Rio Olympics 2016 on Twitter: Positive Sentiment (75%), Water Sports, Simone Biles Win
Who were the most talked about athletes in the 2016 Rio Olympic Games? Which sport was most cited by users? What was the overall sentiment? This analysis by Expert System provides the detailed answers.
By Expert System.
These are some of the questions addressed in the most recent Twitter analysis by Expert System. Using its cognitive technology Cogito, Expert System analyzed more than 430,000 tweets to identify the main Olympics-related topics discussed on Twitter between August 5-22.
Most mentioned athletes: Michael Phelps and Serena Williams
Most mentioned male athletes:
- US swimmer Michael Phelps
- Nigerian table tennis player Aruna Quadri,
- Jamaican sprinter Usain Bolt,
- badminton players Lee Chong Wei (Malaysia) and Lin Dan (China),
- UK tennis player Andy Murray,
- Israeli Judoka Or Sasson,
- French Judoka Teddy Riner,
- German equestrian Michael Jung and
- Singapore swimmer Joseph Schooling.
Most mentioned female athletes:
- US tennis star Serena Williams
- US sabre fencer Ibtihaj Muhammad (who fenced in hijab),
- US gymnast Simone Biles,
- Irish sailor Annalise Murphy,
- US swimmer Simone Manuel,
- US swimmer Katie Ledecky,
- Puerto Rico tennis player Monica Puig,
- Brazil judoka Rafaela Silvia,
- US shooter (10 m air rifle) Ginny Thrasher, and
- Australian gymnast Danielle Prince.
Fig 1. Most Loved Athletes - Women: Simone Biles , Simone Manuel, Katie Ledecky. Men: Justin Rose, Mo Farah, Michael Jung and Michael Phelps.
Positive sentiment in tweets prevailed for Simone Biles (96%), Simone Manuel (86%), Katie Ledecky (86%) and for UK golf player Justin Rose (95%) followed by Mo Farah (84%) and 78% for both Michael Jung and Michael Phelps.
By looking at the results of Twitter analysis, the athletes are related to specific adjectives.
- The one and only Simone Biles
- The victorious Simone Manuel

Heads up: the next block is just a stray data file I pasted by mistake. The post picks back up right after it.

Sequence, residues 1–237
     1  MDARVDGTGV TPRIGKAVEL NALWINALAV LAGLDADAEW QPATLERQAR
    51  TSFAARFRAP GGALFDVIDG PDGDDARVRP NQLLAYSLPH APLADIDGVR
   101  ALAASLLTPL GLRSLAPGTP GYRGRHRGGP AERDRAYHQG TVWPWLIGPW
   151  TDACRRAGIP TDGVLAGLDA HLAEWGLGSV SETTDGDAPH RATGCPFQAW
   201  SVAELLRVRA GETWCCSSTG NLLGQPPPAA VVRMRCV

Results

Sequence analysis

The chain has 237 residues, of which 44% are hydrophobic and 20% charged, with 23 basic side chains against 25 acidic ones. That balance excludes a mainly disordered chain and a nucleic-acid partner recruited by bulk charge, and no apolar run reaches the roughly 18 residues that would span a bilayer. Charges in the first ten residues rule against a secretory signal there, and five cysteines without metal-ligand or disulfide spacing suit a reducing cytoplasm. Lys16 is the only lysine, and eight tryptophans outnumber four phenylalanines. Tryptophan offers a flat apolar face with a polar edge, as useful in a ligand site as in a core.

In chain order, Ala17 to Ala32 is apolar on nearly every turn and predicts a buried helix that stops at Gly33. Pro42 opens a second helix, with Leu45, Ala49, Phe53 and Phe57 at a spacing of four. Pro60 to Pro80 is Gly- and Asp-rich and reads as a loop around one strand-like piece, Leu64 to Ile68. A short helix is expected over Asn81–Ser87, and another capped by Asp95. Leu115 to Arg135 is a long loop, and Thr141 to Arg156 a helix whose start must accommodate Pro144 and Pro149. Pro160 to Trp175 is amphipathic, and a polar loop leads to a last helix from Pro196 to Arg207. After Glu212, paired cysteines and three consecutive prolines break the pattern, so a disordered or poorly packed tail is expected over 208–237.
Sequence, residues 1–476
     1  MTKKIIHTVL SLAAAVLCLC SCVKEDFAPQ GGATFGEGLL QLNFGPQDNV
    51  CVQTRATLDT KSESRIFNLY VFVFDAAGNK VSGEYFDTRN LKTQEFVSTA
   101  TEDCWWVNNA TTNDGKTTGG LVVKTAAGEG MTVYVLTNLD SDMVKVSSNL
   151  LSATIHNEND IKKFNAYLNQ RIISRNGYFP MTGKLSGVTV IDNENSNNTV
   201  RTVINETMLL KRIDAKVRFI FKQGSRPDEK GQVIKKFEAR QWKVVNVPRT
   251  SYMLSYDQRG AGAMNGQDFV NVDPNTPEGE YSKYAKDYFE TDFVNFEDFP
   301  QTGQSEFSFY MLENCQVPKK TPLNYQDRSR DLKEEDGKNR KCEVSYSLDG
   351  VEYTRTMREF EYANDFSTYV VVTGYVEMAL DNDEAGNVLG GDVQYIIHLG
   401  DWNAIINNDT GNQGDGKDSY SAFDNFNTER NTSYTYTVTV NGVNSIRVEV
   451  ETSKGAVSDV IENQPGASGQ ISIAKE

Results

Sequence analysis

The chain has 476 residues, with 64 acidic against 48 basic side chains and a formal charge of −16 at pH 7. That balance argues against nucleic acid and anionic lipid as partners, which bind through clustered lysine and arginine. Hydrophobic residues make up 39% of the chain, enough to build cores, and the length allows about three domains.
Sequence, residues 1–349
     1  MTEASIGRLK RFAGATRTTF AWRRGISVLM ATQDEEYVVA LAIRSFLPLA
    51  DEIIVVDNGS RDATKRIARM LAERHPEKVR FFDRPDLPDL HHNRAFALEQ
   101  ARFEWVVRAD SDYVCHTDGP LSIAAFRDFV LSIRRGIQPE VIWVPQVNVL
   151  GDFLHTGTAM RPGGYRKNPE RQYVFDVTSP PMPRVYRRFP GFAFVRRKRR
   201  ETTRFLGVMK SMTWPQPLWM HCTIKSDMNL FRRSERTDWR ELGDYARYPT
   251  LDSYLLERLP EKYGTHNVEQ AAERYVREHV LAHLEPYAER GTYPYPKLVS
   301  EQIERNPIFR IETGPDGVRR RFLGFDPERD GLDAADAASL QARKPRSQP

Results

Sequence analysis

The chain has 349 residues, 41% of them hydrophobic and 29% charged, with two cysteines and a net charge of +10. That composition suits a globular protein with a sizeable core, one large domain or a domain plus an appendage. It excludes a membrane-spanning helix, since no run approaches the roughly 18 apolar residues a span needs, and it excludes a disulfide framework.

- The unreal Katie Ledecky
- The inspired Justin Rose
- The incredible Mo Farah
- The greatest Michael Phelps.
- The exquisite Michael Jung.
The most talked about sport: Swimming
Water sports were the most cited category overall: swimming came in first, followed by sailing, handball and rowing; tennis was the fifth most mentioned sport.
The Cogito technology identifies the meaning of words and phrases to determine the context of both words and sentence constructions for an overall mood of positive or negative sentiment. For the over 430,000 tweets analyzed, positive sentiment (75%) prevailed, even among tweets containing verbs and words that typically evoke negative sentiment such as “unacceptable”, “lose”, “fail”, “pain”, “penalty”, “sad”, “miss”, “bad”, or “useless”.
Fig 2: 2016 Rio Olympics: Positive Sentiment Words.
Not just athletes
Use of terms typical of the sporting world were prevalent (“win”, “gold”, “medal”, “final”, “team”, “silver”, “bronze”, “watch”, “play”, “match”, “game”, “athletics”), including congratulatory words and phrases (“congrats”, “congratulations”, “thanks”, “champion”, “round”, “good luck”, “result”). More common than the names of individual athletes, words such as “woman”, “girl” and “man” prevailed, reflecting the overall humanity (the Refugee Olympic Team, personal stories of individual athletes, Muslim women, etc.) of this year’s Olympic games.
The infographic containing the full analysis is available here www.expertsystem.com/wp-content/uploads/2016/08/Olympics-Games-Rio-2016.pdf
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